Rising Costs Of Living Getting You Down? Why Chapter 7 Might Be Right For You

Posted by on August 27, 2015 in Uncategorized | Comments Off on Rising Costs Of Living Getting You Down? Why Chapter 7 Might Be Right For You

It seems that prices are going up on everything. The monthly news about the costs of gas, groceries, or other goods is rarely one that benefits consumers. Many people with financial stability can take these kinds of gradual hikes in stride, but if you are already operating in the red due to excessive credit card debt, a few more dollars at the grocery store can have a big impact on your family. Because you are the provider for your children, they look to you to care for them. Do they too often see anxiety in your face as you approach the checkout line? If so, you are probably tired of living hand to mouth and carrying the heavy weight of credit card debt around your neck. Chapter 7 bankruptcy might just be the choice that frees you from this kind of desperate living. What is Chapter 7? Many people hear about the two most common forms of bankruptcy, Chapter 7 and Chapter 13, but don’t know the difference between them. Chapter 13 is a restructuring of a person’s debt, on which he/she makes monthly payments for several years before having the bulk of it forgiven. It works well for those who have steady incomes but can only pay part of their overwhelming debt. Chapter 7, however, is known as “straight” bankruptcy; in other words, you are declaring that you can not pay your debts at all. This is probably your scenario if you cannot accommodate small increases in the cost of living. How can Chapter 7 help me? Chapter 7 bankruptcy wipes your financial slate clean. The moment your attorney files the case, your creditors must stop contacting you. During the next three to six months, a bankruptcy trustee will review your financial affairs, and you will appear in court to answer questions about them. At the end of the bankruptcy process, your debts are discharged and you have a brand new financial start. Will I lose my house? This may be the most common question asked by people considering bankruptcy. Theoretically, your assets can be sold to offset your debts. It is true that, in some cases, those filing Chapter 7 will have to forfeit their homes. However, if you do not have much equity in your house, it will not make financial sense to the court to seize and sell it, as the profit made on the sale would not pay down your debt significantly. Your attorney can advise you about the particulars of your circumstances. Where do I start? If you think Chapter 7 might be the solution for you, contact a bankruptcy attorney in your area and schedule a free consultation. He/she will review your total financial situation and then offer the best legal advice for you and your family. For more information, contact Licata Bankruptcy or a similar...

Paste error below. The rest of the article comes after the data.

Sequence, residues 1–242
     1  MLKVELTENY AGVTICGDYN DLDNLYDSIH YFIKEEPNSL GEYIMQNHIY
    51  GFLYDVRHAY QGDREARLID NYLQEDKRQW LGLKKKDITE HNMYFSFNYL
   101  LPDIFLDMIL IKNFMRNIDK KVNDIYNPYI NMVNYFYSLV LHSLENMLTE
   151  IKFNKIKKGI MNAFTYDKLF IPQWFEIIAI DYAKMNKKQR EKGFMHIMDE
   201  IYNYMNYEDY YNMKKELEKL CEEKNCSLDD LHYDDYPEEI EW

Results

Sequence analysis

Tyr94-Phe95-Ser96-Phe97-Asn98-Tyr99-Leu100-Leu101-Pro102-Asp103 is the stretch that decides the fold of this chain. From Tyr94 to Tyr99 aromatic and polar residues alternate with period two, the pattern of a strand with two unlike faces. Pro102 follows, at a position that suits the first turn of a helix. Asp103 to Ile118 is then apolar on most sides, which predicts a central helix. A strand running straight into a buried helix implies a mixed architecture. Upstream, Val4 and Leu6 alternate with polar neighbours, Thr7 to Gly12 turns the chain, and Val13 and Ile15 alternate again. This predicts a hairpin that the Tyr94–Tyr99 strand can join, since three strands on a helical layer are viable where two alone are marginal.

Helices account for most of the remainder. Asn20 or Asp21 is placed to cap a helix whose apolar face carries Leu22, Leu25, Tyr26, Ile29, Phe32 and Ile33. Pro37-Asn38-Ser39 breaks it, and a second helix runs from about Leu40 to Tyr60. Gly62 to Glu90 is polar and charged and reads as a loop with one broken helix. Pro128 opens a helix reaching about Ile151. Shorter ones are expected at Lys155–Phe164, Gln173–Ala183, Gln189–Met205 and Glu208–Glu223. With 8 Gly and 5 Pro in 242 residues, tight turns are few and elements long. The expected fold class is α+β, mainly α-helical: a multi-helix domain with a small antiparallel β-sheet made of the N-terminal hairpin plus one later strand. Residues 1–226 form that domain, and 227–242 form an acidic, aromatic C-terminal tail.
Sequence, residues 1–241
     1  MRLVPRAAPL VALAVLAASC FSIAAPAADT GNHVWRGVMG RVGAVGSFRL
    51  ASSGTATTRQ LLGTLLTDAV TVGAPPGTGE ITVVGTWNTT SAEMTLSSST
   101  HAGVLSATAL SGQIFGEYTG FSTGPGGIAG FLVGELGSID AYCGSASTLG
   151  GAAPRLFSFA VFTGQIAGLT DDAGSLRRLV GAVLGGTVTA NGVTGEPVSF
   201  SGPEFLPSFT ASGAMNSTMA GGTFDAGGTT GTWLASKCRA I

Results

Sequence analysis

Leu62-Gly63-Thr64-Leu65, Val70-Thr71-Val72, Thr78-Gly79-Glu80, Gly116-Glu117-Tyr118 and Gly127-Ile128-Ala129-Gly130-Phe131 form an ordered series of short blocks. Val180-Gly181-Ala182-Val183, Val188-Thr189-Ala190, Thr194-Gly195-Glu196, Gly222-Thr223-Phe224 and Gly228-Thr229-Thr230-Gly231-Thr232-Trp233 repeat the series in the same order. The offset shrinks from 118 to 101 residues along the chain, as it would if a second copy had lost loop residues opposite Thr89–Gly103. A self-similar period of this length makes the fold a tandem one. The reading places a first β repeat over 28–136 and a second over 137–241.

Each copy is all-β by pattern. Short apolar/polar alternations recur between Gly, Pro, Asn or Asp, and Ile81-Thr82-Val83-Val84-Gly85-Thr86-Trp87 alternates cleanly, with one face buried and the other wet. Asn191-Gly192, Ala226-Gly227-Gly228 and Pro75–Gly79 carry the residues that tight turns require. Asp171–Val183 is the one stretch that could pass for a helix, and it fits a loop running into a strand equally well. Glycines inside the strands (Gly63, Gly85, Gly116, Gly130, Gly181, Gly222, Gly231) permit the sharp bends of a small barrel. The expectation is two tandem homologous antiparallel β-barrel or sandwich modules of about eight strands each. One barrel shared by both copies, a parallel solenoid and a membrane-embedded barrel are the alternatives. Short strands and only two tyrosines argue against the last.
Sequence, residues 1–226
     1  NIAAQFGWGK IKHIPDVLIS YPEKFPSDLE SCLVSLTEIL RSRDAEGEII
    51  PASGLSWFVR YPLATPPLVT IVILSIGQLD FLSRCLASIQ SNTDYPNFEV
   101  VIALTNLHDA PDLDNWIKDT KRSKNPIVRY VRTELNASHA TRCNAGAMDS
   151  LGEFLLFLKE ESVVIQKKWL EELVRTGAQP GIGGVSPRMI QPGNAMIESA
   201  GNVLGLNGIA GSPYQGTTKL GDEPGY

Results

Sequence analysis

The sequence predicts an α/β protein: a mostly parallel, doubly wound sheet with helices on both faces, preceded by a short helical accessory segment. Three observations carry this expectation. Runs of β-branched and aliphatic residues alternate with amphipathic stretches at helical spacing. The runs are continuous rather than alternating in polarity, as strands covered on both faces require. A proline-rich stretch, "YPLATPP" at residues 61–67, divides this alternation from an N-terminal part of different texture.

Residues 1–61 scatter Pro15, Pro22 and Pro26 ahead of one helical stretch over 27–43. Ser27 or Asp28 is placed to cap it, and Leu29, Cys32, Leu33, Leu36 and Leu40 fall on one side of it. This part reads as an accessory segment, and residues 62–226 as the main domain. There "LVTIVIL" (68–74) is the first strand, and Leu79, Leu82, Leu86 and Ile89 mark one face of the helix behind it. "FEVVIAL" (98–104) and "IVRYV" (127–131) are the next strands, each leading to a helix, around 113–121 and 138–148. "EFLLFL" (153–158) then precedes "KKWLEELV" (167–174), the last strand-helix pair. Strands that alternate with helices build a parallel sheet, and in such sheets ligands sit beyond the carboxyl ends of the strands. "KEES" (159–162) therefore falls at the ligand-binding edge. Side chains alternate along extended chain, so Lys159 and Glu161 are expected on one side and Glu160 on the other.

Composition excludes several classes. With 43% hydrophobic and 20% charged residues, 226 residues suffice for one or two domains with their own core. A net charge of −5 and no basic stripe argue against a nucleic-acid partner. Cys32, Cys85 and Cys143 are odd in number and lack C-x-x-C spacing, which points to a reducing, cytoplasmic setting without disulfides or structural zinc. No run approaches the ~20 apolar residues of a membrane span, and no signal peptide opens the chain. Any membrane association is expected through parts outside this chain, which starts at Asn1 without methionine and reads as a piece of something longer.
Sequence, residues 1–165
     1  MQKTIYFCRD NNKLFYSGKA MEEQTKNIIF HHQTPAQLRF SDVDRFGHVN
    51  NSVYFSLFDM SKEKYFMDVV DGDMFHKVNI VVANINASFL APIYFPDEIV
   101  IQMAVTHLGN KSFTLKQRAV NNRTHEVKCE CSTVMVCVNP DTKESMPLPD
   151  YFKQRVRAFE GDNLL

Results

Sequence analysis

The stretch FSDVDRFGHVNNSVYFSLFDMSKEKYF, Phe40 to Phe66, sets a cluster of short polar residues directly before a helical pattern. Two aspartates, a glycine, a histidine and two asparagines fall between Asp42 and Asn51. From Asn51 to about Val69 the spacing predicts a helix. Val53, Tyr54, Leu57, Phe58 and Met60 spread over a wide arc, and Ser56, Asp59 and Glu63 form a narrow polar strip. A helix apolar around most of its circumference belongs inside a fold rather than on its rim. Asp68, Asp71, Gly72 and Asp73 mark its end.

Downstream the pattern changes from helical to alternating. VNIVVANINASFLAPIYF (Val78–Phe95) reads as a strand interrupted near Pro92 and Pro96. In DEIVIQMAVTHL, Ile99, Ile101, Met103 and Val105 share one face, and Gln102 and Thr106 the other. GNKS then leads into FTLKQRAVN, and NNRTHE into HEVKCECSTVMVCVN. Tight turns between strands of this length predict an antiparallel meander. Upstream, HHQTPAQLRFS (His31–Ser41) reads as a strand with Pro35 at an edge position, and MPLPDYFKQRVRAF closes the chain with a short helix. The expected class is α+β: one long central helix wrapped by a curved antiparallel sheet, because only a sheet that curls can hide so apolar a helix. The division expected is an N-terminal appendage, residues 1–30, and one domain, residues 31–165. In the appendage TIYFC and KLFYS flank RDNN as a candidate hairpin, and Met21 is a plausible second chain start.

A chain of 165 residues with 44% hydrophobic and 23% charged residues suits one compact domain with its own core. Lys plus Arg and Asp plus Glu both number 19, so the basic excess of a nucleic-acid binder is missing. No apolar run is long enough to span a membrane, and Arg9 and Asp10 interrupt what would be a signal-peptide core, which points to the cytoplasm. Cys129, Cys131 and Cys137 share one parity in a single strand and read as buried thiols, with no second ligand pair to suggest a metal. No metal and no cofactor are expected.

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3 Things to Know About Filing Chapter 7 Bankruptcy

Posted by on August 10, 2015 in Uncategorized | Comments Off on 3 Things to Know About Filing Chapter 7 Bankruptcy

It’s not always easy getting your bills paid on time. The challenges and demands of life can result into financial problems. If you find yourself in a financial bind that you simply can’t seem to dig your way out of, you may want to consider filing for a Chapter 7 bankruptcy. However, before doing so, there are certain things you should know about filing for this status. The Fees When you don’t have a lot of money on hand to pay your bills or your debt, the last thing you want to be faced with is high court fees to file for this legal status. The good news is that the total administrative and court fees for filing for this type of bankruptcy is $335 as of June 2014. The Forms It’s a great idea to know the types of forms you will need to complete to qualify legally for this status. There are several forms that the court system will ask you to complete and these are listed below: Debt—You must have the exact amount of debt you owe and who it’s owed to when filing for this type of legal assistance. It’s ideal to have the full name of your lender, the address and phone number listed, as well. Income—The amount of your income will need to be confirmed by you and listed on one of the bankruptcy forms. You should attach a copy of a past W-2 to this form. Expenses—It’s necessary for you to list the precise amount of what it costs you to live each month. This should include your rent, clothing and other costs for your monthly survival. The Time It’s ideal to know how long it will take for your bankruptcy to be completed. It’s typical for you to only have to wait 90 days before this entire process is complete, and you will be free of debt. However, once you have filed for bankruptcy, you’re creditors will be unable to contact you or harass you in any way. Dealing with a serious financial problem can be very devastating and cause you a great deal of stress. The best way to handle this issue may involve taking the necessary steps to complete this legal process. Be sure to rely on the expertise of a local law firm like Wiesner & Frackowiak, LC that will know how to advise you correctly and help you navigate the...

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2 Reasons To Hire A Bankruptcy Lawyer

Posted by on June 24, 2015 in Uncategorized | Comments Off on 2 Reasons To Hire A Bankruptcy Lawyer